“For me being able to train and dive is all the more important now because I have someone I want to make proud.”
Avery Saffold felt he had to live up to an image of being a black athlete from the city. Then he decided to be himself.
Sports have been at the forefront of my life since I was a toddler.
I grew up playing football and basketball at the highest level in national tournaments and state championships. I transferred to a high school on Chicago for the sole purpose of playing a sport and went on to be a captain of the football team.
It was safe to say that being an athlete was my sole identity.
Although being an athlete is something that has provided me with much happiness and an escape from reality, it is only a fraction to the complete whole of who I am.
In the final years of high school and into college I realized I am much more than that: I am a student, a son, a brother, and I am gay.
Being a black man from the south side of Chicago has bred me in a certain way. Boys are taught to be tough and have a “dog” mentality. We are taught that no one is better than us and everything is a competition.
Along with this “South Side” mentality comes a sense of hypermasculinity that prompted me to feel like I could never be gay and a strong male.
I attended an all-boys Catholic high school on the south side of Chicago, knowing very little about my sexuality or how it would affect me down the road. It was a terrifying experience not to have anyone to confide in at a time when I was trying to figure out who I was as a person.
I was able to bond with my classmates over football. In one of my first interactions with a teammate, he said he thought I was gay because of the way I spoke, but he changed his mind when he saw me play football.
This interaction distinguished what the rest of my high school experience would be like. I was able to make friends, but I felt like I had to leave out the part of me that made me whole.
For years I felt restrained and that I could never be my true self around my friends, teammates and family. I would listen to my classmates talk about something being “gay” or calling someone a “faggot.”
I witnessed the ignorance of some of my family members towards the LGBTQ+ community on social media. Given these instances, I wondered if I would ever be accepted by those who were closest to me.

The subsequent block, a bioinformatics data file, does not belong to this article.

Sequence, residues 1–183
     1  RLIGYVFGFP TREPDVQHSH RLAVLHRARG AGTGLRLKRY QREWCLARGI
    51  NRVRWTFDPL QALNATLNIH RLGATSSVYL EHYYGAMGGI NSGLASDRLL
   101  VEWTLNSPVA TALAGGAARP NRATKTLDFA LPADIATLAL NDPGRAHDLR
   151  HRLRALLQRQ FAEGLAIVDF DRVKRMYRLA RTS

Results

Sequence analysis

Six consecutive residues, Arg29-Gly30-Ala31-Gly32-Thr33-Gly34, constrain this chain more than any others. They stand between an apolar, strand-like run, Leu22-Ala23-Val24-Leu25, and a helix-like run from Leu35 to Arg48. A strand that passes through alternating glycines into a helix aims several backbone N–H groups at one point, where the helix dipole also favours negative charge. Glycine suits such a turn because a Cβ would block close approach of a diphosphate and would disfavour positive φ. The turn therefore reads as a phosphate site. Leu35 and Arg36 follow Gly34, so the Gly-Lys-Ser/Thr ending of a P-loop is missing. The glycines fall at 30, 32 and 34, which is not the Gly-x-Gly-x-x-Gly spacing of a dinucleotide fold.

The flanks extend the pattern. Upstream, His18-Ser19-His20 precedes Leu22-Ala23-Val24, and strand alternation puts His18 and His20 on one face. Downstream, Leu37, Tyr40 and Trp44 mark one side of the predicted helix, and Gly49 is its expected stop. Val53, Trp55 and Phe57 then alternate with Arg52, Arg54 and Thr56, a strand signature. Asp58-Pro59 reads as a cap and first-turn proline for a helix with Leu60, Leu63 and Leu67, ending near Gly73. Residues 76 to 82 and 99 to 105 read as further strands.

I was able to blend in as the two-sport jock and football team captain but always remember feeling different from my peers.
I was able to blend in as the two-sport jock and football team captain but always remember feeling different from my peers. I was the same as my classmates on the outside. I talked like them, dressed similarly, watched the same TV shows and movies and liked the same music. We were the same, but I felt like me being open about my sexuality would make me undesirable to my heteronormative peers.
Once I graduated high school, I looked at college as an opportunity to finally rebrand myself. I was excited to go to Amherst College in Massachusetts. I loved all the coaches and was eager to meet my new teammates.
I came into college thinking that I would be in a new environment and that I would be able to create a new identity for myself as the athlete who was also gay. Instead, I found it easier to hide who I am.
Not only was I an athlete, but I was a black male athlete from the south side of Chicago playing a contact sport. I felt like I had to live up to an expectation. I thought that I would lose respect from teammates, coaches and opponents, which made it harder to share my full self.
I would often feel lonely or lost because I didn’t have anyone to confide in. Reading the stories in high school of athletes who are like me on Outsports made me feel empowered that I wasn’t alone. Through those stories, I finally started to accept myself, which was the first step to me sharing myself.